Every city has to have a loud, pumping heart that never stops, with a lot going in and a lot coming out. The downtown of a healthy city is alive and humming all the time. There’s traffic all day and all night and even in the slowest hours when some traffic lights blink red, there’s always somebody going somewhere, places to get a coffee or newspaper, taxis prowling like cats. People are at work, in the streets, at bakeries, in call centres. All kinds of places.
There is always sound and noise. Music pounds out of the bars. And when the bars close, there is a flurry of activity — yelling and cars starting up — and then the smaller flurry an hour later when bar staff finally go home. Sirens of police and fire vehicles wail. There is the deep whirr, like a dull throb, of helicopters coming in to land at the QEII Sciences Centre.
Very early in the morning, so early that it’s still night, trucks begin the rounds of deliveries, of emptying dumpsters, engines rumbling, their arms screeching as they latch onto the metal bins, raise them up, tip the load. The load falls into the truck and then there’s a clang clang clang of the last banging of the bin before its lowered back to earth.
In Halifax, living downtown means living close to various kinds of transportation. To the north the bridges funnel traffic all the time. In the harbour the ferry chugs in the day, like a stately aunt. Big vessels of all kinds — frigates, tugs, submarines, cargo ship — slip in and out. On the Dartmouth side, the rolling stock of trains creak and moan in and out of the autoport.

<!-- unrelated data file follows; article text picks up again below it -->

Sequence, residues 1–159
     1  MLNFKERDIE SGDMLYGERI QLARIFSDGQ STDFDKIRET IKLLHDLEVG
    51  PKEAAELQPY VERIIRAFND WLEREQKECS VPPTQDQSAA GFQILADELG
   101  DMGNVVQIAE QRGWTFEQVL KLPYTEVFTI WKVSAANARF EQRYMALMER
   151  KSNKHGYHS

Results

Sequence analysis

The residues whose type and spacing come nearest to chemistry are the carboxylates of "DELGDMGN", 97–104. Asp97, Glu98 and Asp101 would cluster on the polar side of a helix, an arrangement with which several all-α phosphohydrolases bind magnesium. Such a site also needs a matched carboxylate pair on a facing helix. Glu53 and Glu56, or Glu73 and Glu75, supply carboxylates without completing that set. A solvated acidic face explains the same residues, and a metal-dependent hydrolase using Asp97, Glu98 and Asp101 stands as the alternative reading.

To the south, ships at the Halterm terminal are loaded and unloaded by giant machines from HG Wells’s War of the Worlds. The bus station is at the train station now. Out back of the train station, locomotives chuff and purr and roar in the cold.
To live downtown is to be close to all of this, and it’s not always peaceful. Four years ago, residents of the Barrington Gate residential complex at the corner of Barrington and Blowers streets complained about the noise coming from The Blues Corner, a bar with loud music at the corner of Argyle and Blowers streets. The bar closed. Now, there are many more people living downtown. Developers are seeking to put multi-story housing wherever they can. Condominiums line the Lower Water Street near the Farmer’s Market and along Barrington Street south of the train station.
People who choose to live downtown need to embrace the heart and muscle of the city. Trucks will come and go at all hours. Bars will be noisy. There will be crime, parades, protests and panhandlers. People who live with a view of the harbour should like boats and water and accept what it is to run a busy harbour like that of Halifax. People with the train station in their backyard should like trains and accept that they make noise and emit fumes.
The downtown is the heart and guts and sinew of Halifax. Living there isn’t for everyone, and that’s the way it should be. It should feel different to live downtown. This is a big city — Hubbards to Enfield to Ecum Secum: sea shore, farmland, suburbs, villages and city. There’s lots of choice, and the downtown should be encouraged to be as brash and lively as it can be.